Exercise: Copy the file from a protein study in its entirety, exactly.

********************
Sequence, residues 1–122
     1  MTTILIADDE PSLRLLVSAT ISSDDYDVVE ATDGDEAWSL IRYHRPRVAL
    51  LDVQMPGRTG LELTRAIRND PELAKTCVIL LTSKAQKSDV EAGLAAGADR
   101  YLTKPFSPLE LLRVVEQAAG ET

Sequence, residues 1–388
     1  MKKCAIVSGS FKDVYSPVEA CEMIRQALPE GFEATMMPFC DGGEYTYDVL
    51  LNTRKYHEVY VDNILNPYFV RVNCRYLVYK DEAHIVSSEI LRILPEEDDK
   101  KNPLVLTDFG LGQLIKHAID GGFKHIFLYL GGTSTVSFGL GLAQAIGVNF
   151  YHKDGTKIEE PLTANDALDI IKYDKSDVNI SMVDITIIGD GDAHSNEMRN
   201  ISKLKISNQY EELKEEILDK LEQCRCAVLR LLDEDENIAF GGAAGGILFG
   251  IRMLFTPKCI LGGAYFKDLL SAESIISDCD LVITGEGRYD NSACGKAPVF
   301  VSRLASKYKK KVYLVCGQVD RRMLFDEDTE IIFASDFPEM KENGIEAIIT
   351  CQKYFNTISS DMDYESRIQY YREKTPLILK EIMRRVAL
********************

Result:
Sequence, residues 1–122
     1  MTTILIADDE PSLRLLVSAT ISSDDYDVVE ATDGDEAWSL IRYHRPRVAL
    51  LDVQMPGRTG LELTRAIRND PELAKTCVIL LTSKAQKSDV EAGLAAGADR
   101  YLTKPFSPLE LLRVVEQAAG ET

Sequence, residues 1–388
     1  MKKCAIVSGS FKDVYSPVEA CEMIRQALPE GFEATMMPFC DGGEYTYDVL
    51  LNTRKYHEVY VDNILNPYFV RVNCRYLVYK DEAHIVSSEI LRILPEEDDK
   101  KNPLVLTDFG LGQLIKHAID GGFKHIFLYL GGTSTVSFGL GLAQAIGVNF
   151  YHKDGTKIEE PLTANDALDI IKYDKSDVNI SMVDITIIGD GDAHSNEMRN
   201  ISKLKISNQY EELKEEILDK LEQCRCAVLR LLDEDENIAF GGAAGGILFG
   251  IRMLFTPKCI LGGAYFKDLL SAESIISDCD LVITGEGRYD NSACGKAPVF
   301  VSRLASKYKK KVYLVCGQVD RRMLFDEDTE IIFASDFPEM KENGIEAIIT
   351  CQKYFNTISS DMDYESRIQY YREKTPLILK EIMRRVAL